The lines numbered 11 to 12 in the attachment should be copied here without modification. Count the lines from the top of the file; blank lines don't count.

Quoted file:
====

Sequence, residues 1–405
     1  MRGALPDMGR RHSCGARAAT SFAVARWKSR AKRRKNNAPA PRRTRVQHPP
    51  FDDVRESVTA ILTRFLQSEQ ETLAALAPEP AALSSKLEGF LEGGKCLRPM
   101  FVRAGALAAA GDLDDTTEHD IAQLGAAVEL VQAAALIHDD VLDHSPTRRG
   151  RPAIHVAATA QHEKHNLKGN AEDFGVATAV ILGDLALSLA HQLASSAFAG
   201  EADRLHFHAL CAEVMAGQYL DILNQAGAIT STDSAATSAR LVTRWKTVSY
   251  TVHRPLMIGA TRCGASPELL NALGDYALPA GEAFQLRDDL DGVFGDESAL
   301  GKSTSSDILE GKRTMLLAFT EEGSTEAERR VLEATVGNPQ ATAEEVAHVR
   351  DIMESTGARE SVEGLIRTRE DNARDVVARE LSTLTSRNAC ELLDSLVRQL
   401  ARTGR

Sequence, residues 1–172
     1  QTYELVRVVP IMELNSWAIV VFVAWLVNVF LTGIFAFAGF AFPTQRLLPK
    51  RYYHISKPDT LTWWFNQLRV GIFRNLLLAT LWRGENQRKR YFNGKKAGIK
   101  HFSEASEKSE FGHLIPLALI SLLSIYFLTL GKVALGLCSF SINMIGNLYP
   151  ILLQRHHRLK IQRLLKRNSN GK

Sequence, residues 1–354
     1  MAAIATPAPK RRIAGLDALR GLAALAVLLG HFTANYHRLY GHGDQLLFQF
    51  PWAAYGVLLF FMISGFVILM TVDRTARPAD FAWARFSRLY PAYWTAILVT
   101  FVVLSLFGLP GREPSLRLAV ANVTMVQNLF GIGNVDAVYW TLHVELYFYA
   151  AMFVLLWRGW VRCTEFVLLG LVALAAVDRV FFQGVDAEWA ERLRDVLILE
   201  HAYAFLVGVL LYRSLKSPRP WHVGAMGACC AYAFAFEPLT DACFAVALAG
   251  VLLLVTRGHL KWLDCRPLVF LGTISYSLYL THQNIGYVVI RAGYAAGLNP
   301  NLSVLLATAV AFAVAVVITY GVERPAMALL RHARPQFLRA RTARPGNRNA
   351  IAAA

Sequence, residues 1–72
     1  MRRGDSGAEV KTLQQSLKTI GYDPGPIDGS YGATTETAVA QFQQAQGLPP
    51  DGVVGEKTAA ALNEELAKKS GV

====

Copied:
Sequence, residues 1–172
     1  QTYELVRVVP IMELNSWAIV VFVAWLVNVF LTGIFAFAGF AFPTQRLLPK